A Pedagogy of Abundance or a Pedagogy to Support Human Beings? Participant Support on Massive Open Online Courses

Rita Kop, Hélène Fournier, Sui Fai John Mak, IRRODL, Nov 28, 2011
Commentary by Stephen Downes

According to the authors, "it is possible to move from a pedagogy of abundance to a pedagogy that supports human beings in their learning through the active creation of resources and learning places by both learners and course facilitators." With an environment of abundant resources it becomes the student's responsibility to select and filter resources, and "one should question if all adult learners are capable of taking on this responsibility." They argue, "one of the major challenges is to create a pedagogy that supports human beings in their learning where the social connections people make on the network provide their learning support," and look at this through the example of the Massive Open Online Course, and specifically, Personal Learning Environments Networks and Knowledge course (PLENK2010) and the Connectivism and Connective Knowledge course (CCK11). The paper outlines the method and tools used to support the courses, and then describes a regimen of statistics and surveys that constitute the research itself. Analytics tools were also employed to visualize the networks of connections between people.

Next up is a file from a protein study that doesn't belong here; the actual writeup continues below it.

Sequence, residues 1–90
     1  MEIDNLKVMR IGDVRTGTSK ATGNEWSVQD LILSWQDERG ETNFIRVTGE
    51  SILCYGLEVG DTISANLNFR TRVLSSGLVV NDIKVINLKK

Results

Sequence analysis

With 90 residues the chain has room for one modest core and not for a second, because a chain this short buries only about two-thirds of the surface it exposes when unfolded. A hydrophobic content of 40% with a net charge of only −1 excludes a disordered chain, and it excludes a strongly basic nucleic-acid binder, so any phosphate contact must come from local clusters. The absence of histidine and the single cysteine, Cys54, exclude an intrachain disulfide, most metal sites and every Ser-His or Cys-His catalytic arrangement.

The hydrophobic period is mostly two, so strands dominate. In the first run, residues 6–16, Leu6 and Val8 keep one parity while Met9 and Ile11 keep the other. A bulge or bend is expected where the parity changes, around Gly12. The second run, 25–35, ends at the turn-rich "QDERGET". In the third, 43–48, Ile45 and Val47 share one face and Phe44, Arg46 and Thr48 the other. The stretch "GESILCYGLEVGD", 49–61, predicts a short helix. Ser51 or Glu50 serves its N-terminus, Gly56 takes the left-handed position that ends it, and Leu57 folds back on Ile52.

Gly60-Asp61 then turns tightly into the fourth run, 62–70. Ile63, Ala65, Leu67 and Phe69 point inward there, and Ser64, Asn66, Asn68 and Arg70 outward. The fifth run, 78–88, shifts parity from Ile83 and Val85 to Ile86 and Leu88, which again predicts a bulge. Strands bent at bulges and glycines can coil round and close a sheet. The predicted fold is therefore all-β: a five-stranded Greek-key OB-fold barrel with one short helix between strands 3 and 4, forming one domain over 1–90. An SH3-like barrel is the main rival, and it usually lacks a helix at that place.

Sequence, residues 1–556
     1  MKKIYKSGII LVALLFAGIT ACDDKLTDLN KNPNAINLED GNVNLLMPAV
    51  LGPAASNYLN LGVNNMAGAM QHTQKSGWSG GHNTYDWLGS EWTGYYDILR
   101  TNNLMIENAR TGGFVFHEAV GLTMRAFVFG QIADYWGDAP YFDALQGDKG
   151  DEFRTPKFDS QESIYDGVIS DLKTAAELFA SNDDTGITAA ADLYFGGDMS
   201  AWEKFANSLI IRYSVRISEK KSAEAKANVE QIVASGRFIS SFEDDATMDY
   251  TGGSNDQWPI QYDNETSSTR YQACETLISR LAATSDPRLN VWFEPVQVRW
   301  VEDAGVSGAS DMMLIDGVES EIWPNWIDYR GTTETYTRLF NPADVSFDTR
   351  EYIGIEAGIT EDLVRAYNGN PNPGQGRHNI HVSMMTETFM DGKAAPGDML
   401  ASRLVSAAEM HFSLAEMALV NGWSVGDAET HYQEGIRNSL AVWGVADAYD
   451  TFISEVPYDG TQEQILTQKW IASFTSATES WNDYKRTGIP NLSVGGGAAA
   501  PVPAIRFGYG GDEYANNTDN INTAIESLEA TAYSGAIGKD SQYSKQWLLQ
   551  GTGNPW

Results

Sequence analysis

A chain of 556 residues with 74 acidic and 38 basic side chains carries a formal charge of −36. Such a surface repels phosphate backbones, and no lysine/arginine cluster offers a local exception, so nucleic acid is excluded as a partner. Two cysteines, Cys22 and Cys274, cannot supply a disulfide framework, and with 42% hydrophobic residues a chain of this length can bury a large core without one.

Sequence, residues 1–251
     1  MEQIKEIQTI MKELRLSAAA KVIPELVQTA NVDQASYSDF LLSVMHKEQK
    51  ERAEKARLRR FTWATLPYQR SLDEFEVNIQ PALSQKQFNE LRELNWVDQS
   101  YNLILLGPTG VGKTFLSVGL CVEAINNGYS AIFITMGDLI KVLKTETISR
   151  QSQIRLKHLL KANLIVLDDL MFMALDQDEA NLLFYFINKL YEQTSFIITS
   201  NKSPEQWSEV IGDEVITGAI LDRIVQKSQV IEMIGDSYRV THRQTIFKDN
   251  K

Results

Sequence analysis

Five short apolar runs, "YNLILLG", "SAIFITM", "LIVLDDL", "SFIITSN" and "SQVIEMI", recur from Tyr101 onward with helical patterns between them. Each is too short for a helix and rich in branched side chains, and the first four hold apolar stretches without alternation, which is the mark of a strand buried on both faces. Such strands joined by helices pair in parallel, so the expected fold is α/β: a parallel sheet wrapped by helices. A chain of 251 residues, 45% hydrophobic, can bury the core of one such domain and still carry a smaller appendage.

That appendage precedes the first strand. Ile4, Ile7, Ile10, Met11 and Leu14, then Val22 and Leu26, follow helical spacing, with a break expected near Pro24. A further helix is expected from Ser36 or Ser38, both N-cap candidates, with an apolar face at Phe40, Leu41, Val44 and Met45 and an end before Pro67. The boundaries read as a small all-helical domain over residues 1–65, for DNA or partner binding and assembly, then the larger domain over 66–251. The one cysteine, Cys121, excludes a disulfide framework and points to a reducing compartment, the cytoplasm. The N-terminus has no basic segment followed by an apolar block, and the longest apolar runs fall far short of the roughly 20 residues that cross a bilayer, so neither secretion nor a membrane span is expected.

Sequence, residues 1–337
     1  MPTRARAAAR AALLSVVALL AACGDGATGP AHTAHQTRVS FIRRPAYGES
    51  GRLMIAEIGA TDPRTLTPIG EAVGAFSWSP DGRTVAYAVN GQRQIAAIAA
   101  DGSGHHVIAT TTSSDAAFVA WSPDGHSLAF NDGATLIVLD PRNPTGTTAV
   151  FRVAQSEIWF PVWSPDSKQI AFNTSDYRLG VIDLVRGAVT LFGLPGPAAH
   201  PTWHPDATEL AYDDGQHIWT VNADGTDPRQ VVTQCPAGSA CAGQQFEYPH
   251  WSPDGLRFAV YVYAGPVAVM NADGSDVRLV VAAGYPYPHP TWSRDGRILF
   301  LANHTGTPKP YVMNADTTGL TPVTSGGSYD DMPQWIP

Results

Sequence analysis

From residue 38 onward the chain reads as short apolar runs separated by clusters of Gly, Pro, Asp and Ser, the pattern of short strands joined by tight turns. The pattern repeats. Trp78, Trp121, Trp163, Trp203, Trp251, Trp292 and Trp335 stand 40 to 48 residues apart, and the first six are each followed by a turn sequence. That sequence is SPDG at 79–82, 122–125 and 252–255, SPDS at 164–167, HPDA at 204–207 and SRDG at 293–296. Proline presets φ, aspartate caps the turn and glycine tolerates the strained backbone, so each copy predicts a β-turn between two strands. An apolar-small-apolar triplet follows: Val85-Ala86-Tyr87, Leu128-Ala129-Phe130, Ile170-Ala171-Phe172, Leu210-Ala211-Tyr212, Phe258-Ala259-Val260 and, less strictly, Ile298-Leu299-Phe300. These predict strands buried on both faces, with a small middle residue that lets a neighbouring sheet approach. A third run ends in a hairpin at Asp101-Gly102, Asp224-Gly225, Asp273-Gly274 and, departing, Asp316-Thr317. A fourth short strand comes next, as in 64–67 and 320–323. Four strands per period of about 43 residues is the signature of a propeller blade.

The authors note that "It is clear, however, that there were deficiencies in the support structures of the MOOCs." Some, however, found this to be an advantage. Either way, we see "the importance of making connections between learners and fellow-learners and between learners and facilitators." But "Scaling up to the majority in networked learning requires facilitators to adopt a multifaceted role so as to guide or influence the learners and communities to get involved and embrace social media practices." They argue that interaction "should be based on the creation of a place or community where people feel comfortable, trusted, and valued" and that "scaffolding is necessary to build confidence and self-efficacy and to ensure novices will feel confident and competent in using technologies." I think we've become better at this, but agree a concentrated effort is necessary here.
Views: 0 today, 208 total (since January 1, 2017).[Direct Link]